The Jews Who Helped the Allies Take Algeria

In 1942, Allied forces invading Algeria, then under the control of Vichy France, cooperated with a group of mostly Jewish local resistance fighters. The story is the subject of a new Israeli film, Night of Fools, directed by Rami Kimchi. Eliezer Hayon explains:

“The [Algerian] underground numbered 800 fighters, half of them Jewish. But at the moment of truth, 400 of them had cold feet, and just 400 were left—almost all of them Jewish,” says [one of their commanders, Jacques] Zermati. They were led by José Aboulker, the Jewish head of the underground. . . .

The plan was simple, yet almost surreal: Allied forces would land on the coast of north-western Africa, and the underground would take care of paralyzing the regime’s troops in order to hand over the city of Algiers to the Allies. It might sound simple enough, until one takes into account the fact that there were just 400 underground fighters, and 200,000 Vichy and Axis soldiers.

How did they do it? The resistance, with the help of some sympathetic Vichy officers, disguised themselves as French troops and succeeded in rounding up the entire French garrison without firing a shot. And why did they do it? Kimchi’s answer:

“The Jews in Algeria were proud of their French citizenship, and even today they live in France. But the film shows that Jewish motivation was a dominant factor. This was a war against the fascists, but what motivated them was not just French identity, otherwise they would have withdrawn like the other 400 fighters.”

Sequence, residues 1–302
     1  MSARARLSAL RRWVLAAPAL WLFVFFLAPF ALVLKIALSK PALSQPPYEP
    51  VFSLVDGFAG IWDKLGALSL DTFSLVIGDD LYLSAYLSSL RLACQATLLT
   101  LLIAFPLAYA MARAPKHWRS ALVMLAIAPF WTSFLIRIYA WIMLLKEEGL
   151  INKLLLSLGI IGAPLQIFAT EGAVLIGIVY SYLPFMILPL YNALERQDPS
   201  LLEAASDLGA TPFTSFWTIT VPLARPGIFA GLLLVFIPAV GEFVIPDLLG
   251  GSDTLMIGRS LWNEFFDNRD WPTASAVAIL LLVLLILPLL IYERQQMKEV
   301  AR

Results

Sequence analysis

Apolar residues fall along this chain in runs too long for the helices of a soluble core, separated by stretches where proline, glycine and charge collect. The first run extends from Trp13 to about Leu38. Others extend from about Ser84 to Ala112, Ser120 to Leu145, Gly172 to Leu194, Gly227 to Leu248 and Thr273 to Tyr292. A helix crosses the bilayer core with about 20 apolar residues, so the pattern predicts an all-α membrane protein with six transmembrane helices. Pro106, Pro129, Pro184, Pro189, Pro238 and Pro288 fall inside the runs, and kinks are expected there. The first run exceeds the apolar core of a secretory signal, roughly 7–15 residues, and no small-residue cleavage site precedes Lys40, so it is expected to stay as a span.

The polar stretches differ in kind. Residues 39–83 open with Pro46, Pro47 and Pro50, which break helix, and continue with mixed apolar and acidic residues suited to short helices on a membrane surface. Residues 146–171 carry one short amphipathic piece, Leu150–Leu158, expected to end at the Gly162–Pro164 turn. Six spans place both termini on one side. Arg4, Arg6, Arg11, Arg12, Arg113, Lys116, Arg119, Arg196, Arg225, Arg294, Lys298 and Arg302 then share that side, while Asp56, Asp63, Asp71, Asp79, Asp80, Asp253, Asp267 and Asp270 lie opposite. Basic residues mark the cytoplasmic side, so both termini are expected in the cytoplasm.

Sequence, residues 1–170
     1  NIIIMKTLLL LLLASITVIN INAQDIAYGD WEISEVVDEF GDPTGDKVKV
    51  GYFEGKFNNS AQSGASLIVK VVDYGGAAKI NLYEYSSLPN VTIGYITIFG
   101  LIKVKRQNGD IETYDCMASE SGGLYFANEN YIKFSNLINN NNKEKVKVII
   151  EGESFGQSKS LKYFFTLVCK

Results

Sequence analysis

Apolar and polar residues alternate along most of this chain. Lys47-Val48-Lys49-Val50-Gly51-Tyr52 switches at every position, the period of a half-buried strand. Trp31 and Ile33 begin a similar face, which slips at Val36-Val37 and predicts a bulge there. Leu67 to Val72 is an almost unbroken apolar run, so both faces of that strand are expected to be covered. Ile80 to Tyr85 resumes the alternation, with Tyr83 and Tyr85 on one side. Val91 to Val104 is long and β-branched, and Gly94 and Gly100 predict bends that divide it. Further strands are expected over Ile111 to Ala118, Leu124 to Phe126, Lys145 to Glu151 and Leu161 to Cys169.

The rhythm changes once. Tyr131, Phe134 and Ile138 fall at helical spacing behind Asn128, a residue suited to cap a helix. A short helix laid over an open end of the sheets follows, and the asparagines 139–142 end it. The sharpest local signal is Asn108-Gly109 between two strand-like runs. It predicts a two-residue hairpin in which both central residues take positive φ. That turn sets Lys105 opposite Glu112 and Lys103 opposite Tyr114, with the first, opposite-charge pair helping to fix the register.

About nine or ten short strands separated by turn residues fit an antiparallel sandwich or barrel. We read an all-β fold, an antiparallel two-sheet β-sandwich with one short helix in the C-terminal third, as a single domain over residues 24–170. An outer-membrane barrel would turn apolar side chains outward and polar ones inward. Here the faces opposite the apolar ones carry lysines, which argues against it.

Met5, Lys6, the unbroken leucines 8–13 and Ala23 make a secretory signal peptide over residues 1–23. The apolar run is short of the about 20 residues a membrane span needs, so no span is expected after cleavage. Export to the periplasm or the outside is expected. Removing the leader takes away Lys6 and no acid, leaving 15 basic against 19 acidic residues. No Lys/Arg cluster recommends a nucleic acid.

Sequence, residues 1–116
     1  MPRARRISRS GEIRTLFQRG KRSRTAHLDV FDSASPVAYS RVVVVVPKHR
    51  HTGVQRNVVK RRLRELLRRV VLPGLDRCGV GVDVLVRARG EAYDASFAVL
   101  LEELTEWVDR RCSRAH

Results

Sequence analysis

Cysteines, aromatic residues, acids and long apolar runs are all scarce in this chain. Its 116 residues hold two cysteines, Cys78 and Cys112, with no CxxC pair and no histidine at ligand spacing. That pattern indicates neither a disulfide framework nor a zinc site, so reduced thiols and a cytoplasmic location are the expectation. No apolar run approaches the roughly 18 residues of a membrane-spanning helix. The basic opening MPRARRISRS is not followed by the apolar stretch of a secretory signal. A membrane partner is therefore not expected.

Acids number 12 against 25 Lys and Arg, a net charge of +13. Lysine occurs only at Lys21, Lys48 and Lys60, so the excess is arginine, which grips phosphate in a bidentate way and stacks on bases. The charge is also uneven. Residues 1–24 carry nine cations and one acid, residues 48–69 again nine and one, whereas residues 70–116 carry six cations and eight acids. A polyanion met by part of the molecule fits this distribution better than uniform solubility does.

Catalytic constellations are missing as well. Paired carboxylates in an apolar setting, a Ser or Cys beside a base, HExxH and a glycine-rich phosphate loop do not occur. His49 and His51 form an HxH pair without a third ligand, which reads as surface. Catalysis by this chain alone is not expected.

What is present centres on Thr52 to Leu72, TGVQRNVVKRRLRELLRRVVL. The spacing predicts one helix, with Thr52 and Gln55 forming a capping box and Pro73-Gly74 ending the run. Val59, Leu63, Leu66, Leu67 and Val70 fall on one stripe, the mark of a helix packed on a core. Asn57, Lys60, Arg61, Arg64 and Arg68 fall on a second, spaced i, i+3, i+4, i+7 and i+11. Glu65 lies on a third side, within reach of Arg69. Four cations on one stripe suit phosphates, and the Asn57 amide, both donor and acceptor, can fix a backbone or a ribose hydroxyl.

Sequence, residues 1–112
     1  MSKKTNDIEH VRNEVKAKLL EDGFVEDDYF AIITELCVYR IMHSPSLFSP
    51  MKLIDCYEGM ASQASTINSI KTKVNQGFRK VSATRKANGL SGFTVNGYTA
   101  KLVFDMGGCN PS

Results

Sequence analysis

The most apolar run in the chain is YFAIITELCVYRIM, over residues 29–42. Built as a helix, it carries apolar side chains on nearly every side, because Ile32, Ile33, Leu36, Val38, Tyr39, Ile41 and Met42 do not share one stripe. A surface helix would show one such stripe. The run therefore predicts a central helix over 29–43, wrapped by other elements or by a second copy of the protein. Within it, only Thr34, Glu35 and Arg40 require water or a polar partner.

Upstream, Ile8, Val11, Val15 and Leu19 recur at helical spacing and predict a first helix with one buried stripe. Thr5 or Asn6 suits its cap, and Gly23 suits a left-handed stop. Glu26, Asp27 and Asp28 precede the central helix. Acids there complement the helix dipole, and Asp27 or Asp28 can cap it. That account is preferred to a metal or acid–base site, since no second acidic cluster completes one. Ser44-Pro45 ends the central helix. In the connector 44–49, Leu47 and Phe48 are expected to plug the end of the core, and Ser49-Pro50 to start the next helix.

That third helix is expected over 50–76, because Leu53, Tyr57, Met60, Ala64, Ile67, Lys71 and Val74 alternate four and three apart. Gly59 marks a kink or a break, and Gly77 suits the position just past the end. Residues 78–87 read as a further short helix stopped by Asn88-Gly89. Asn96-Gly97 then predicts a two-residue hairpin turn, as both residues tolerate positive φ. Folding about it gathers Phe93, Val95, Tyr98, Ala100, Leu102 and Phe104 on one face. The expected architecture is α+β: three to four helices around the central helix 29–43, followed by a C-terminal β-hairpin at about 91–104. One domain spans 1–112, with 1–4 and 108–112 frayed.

Read more at Ynet

More about: Algeria, History & Ideas, Mizrahi Jewry, Resistance, Vichy France, World War II

The Right and Wrong Ways for the U.S. to Support the Palestinians

Sept. 29 2023

On Wednesday, Elliott Abrams testified before Congress about the Taylor Force Act, passed in 2018 to withhold U.S. funds from the Palestinian Authority (PA) so long as it continues to reward terrorists and their families with cash. Abrams cites several factors explaining the sharp increase in Palestinian terrorism this year, among them Iran’s attempt to wage proxy war on Israel; another is the “Palestinian Authority’s continuing refusal to fight terrorism.” (Video is available at the link below.)

As long as the “pay for slay” system continues, the message to Palestinians is that terrorists should be honored and rewarded. And indeed year after year, the PA honors individuals who have committed acts of terror by naming plazas or schools after them or announcing what heroes they are or were.

There are clear alternatives to “pay to slay.” It would be reasonable for the PA to say that, whatever the crime committed, the criminal’s family and children should not suffer for it. The PA could have implemented a welfare-based system, a system of family allowances based on the number of children—as one example. It has steadfastly refused to do so, precisely because such a system would no longer honor and reward terrorists based on the seriousness of their crimes.

These efforts, like the act itself, are not at all meant to diminish assistance to the Palestinian people. Rather, they are efforts to direct aid to the Palestinian people rather than to convicted terrorists. . . . [T]he Taylor Force Act does not stop U.S. assistance to Palestinians, but keeps it out of hands in the PA that are channels for paying rewards for terror.

[S]hould the United States continue to aid the Palestinian security forces? My answer is yes, and I note that it is also the answer of Israel and Jordan. As I’ve noted, PA efforts against Hamas or other groups may be self-interested—fights among rivals, not principled fights against terrorism. Yet they can have the same effect of lessening the Iranian-backed terrorism committed by Palestinian groups that Iran supports.

Read more at Council on Foreign Relations

More about: Palestinian Authority, Palestinian terror, U.S. Foreign policy